diet coke for breakfast

Monday, April 14, 2003

Posted by Jake
Antiwar Patriotism Or Can Stupidity Still Be Patriotic?

Fundamentally, I am getting tired of this debate. Each side is labelling each other unpatriotic really as a means to gain the moral high ground in the argument about the war in Iraq, not based on a uniform standard for what patriotism is.

Does patriotism mean "supporting the troops"? Does patriotism mean "supporting your government's policies"?

I am going to argue in favor for a standard explained by Randy Cohen, ethicist for the New York Times Magazine. (Randy Cohen is not someone whose evaluations I tend to agree with, but this generalization is one of them.) He asserts that patriotism is urging your government to adopt wise policies.

I don't agree with the majority of what liberals say about the war in Iraq. According to this standard, however, if opposition the comes from the genuine desire for the government to adopt wise policies, then they are behaving patriotically, even if the statements they are making are themselves unwise. (Some may very well be doing this for other reasons -- desire for political advancement, monetary reasons, etc. A great many liberals have made it their business to undermine every American attempt at success in this and other ventures. It is hypocritical for them to call themselves patriotic now that it is convenient.)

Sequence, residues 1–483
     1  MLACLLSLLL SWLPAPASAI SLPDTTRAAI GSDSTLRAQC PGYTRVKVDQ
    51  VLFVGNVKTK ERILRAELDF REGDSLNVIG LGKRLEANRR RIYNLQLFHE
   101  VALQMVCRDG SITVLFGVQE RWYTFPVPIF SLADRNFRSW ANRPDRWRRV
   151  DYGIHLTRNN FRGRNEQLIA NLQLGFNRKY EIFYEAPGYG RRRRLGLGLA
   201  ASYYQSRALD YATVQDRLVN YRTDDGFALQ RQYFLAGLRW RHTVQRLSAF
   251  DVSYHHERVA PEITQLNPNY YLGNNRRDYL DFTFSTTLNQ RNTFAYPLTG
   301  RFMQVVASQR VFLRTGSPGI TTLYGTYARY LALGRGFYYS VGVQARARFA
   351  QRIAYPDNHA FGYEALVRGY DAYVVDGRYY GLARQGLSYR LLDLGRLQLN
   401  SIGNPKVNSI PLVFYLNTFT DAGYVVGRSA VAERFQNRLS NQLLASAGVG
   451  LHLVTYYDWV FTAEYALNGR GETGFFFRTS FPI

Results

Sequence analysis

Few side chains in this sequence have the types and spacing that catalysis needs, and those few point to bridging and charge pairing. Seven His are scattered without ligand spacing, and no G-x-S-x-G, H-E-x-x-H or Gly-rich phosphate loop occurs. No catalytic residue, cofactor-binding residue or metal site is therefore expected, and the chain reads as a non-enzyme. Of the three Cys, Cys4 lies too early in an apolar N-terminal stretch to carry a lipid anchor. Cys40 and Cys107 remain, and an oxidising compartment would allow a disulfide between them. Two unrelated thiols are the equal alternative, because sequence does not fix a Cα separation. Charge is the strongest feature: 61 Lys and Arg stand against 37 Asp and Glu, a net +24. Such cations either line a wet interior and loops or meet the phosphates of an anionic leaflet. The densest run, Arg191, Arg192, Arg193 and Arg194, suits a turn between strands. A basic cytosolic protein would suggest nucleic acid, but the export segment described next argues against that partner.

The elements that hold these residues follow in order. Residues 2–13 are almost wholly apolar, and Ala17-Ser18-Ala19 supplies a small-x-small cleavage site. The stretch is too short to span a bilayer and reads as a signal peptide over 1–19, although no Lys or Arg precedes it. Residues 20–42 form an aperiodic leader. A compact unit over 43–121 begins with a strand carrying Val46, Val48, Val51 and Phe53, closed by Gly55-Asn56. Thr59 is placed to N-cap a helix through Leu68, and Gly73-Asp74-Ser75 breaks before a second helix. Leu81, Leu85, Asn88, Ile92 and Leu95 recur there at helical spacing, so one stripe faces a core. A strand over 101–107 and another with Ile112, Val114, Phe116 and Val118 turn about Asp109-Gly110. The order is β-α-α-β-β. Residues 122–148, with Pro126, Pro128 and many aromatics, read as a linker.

The safety of our troops is clearly a wise policy. By extension, once a war is joined, it is the patriotic duty of citizens to argue for those policies which bring the soldiers home the fastest. (My argument in such a case is that swift victory is usually the fastest, and therefore the wisest, policy.)

I think that denouncing other people's lack of patriotism, however apt that description may be, is a blunt instrument in the argument over policy. Disparaging other's citizen credentials fails to get to the root of the matter: whether this is a good policy. I am confident that we as conservatives can win that argument, so lets drop the patriotism debate.


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